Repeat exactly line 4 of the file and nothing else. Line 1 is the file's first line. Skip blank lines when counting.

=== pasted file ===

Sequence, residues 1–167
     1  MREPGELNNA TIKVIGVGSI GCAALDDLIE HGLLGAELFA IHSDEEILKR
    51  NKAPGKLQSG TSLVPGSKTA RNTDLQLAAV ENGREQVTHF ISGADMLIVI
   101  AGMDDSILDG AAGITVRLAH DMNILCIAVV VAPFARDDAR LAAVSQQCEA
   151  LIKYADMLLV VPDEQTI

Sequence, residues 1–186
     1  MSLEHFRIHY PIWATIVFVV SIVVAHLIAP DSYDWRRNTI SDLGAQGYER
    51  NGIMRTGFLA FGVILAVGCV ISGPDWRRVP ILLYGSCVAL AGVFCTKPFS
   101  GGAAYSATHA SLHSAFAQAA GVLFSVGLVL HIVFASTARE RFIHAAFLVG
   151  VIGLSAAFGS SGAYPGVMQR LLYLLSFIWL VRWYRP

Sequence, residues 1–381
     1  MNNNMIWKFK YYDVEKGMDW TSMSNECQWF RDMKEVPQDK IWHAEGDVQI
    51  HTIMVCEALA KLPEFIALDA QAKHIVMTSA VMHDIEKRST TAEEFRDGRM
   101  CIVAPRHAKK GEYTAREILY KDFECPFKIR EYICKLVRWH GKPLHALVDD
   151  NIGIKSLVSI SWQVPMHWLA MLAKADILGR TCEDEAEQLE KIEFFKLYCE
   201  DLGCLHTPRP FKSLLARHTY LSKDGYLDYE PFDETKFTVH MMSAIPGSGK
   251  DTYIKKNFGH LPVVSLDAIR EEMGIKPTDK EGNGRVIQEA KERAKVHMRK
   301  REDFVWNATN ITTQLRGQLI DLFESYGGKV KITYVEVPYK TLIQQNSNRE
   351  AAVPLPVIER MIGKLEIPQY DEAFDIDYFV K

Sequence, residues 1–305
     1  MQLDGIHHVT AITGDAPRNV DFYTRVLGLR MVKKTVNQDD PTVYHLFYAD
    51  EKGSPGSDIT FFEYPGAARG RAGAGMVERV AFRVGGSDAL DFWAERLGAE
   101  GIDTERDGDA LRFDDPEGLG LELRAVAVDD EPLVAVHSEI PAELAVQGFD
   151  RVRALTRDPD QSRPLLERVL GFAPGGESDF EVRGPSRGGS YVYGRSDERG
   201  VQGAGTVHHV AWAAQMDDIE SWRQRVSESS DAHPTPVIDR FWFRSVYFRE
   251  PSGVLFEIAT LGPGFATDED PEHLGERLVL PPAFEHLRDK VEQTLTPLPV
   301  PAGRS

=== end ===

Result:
   101  AGMDDSILDG AAGITVRLAH DMNILCIAVV VAPFARDDAR LAAVSQQCEA